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Title:A primer on primaries: Exploring the variation in U.S. primary election laws
Author(s):Evans, Jillian Elizabeth
Director of Research:Gaines, Brian J
Doctoral Committee Chair(s):Gaines, Brian J
Doctoral Committee Member(s):Sin, Gisela; Sulkin, Tracy; Bernhard, William T
Department / Program:Political Science
Discipline:Political Science
Degree Granting Institution:University of Illinois at Urbana-Champaign
Degree:Ph.D.
Genre:Dissertation
Subject(s):primary elections
political parties
Abstract:Candidate nominations in the U.S. are governed by an intricate system of laws and party rules that vary substantially across the states. The reasons why these laws and rules differ—and the considerations that motivate state elected officials and party leaders to change them—are not well understood. In this dissertation, I analyze the variation in enfranchisement, or the type of primary, focusing on primary elections for offices below the level of the presidency (e.g., congressional, gubernatorial, state legislative, etc.). Some states’ primaries are open to all voters, while other states permit participation only by those registered with the party, and still others use some type in between. I study potential explanations for these differences, using both quantitative analysis to identify aggregate patterns and in-depth qualitative investigation of significant cases. This research enhances our understanding of the nominations process and yields insight into the complex nature of institutional change. Analyses of the present-day variation in enfranchisement indicate that the state-level contextual variables often assumed to be related to the type of primary in fact demonstrate little explanatory power, but this does not mean that the variation is merely idiosyncratic—it is still the product of reasoned choices made by state governments and party leaders. The causes of the initial adoption of the direct primary resist easy explanation because the two most commonly cited forces (pressure from progressive reformers and leaders acting to preserve the parties’ self-interest) were both influential, depending on the context. A study of selected changes in the type of primary that have occurred in recent decades suggests that there is a logic underlying elected officials and party leaders’ preferences for one type or another, but because elites’ expectations regarding the anticipated consequences of changing the type of primary are highly conditional, it is difficult to explain or predict changes in enfranchisement based on knowledge of their preferences alone. And these partisan elites are not the only relevant actors; both the courts and the electorate have frequently played a role in shaping enfranchisement, further complicating the task of predicting when or why changes occur. Primary elections, like many other political institutions, are prone to inertia, and formal changes are rare. When they do occur, explaining them requires careful attention to the details.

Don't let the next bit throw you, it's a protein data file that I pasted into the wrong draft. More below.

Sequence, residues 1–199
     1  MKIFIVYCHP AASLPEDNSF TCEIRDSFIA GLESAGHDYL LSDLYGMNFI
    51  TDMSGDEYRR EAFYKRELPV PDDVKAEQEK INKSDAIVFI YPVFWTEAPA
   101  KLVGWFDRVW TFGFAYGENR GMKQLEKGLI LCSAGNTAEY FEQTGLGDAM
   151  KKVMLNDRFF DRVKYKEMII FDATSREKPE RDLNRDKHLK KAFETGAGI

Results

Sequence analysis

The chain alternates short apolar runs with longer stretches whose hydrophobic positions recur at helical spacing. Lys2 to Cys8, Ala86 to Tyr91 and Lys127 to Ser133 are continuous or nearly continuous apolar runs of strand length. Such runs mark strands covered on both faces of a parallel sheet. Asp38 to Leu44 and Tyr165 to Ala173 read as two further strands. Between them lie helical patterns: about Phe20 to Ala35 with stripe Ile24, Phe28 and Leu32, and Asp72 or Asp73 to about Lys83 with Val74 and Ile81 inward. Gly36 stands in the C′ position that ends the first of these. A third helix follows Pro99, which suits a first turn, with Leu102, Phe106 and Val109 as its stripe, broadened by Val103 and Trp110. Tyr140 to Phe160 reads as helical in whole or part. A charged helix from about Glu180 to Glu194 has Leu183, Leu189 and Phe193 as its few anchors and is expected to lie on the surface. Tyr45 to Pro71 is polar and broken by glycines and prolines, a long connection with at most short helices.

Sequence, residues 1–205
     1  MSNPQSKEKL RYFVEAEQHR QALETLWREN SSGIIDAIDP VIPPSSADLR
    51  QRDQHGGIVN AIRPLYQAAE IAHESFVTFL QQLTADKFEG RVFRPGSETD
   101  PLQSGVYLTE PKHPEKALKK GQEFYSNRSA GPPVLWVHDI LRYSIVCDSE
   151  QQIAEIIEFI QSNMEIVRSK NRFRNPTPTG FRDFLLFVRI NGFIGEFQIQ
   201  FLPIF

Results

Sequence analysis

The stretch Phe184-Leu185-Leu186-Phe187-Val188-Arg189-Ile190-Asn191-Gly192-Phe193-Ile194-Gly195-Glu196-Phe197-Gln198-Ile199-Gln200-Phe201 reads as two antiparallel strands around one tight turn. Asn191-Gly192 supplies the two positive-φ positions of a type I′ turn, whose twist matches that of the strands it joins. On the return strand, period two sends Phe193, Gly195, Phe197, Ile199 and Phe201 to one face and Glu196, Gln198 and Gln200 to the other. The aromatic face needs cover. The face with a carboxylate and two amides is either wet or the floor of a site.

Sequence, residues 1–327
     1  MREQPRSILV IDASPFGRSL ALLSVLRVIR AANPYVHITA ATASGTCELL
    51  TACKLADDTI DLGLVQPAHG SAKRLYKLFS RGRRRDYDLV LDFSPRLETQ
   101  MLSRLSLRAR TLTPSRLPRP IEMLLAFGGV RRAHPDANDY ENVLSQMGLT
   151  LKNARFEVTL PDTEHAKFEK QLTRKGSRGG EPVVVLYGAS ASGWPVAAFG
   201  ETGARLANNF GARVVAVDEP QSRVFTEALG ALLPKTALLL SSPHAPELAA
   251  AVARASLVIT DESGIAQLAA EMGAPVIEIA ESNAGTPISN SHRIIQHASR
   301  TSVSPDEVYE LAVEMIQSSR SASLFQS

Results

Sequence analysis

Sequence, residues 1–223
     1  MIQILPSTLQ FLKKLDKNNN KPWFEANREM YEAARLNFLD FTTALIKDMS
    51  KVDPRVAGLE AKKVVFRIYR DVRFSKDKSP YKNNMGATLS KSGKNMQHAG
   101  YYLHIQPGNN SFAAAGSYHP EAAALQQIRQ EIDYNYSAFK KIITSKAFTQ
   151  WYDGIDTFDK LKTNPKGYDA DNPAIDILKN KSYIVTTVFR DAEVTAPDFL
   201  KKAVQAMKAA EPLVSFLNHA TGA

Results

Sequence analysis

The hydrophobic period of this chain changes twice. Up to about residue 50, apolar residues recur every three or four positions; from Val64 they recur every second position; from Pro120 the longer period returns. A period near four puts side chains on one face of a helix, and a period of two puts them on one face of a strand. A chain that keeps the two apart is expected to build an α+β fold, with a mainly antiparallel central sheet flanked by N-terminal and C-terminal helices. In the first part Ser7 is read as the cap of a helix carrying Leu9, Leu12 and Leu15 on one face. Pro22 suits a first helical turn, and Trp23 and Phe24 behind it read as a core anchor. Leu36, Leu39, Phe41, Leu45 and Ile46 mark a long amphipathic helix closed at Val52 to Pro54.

Issue Date:2019-07-02
Type:Text
URI:http://hdl.handle.net/2142/105778
Rights Information:Copyright 2019 Jillian Evans
Date Available in IDEALS:2019-11-26
Date Deposited:2019-08


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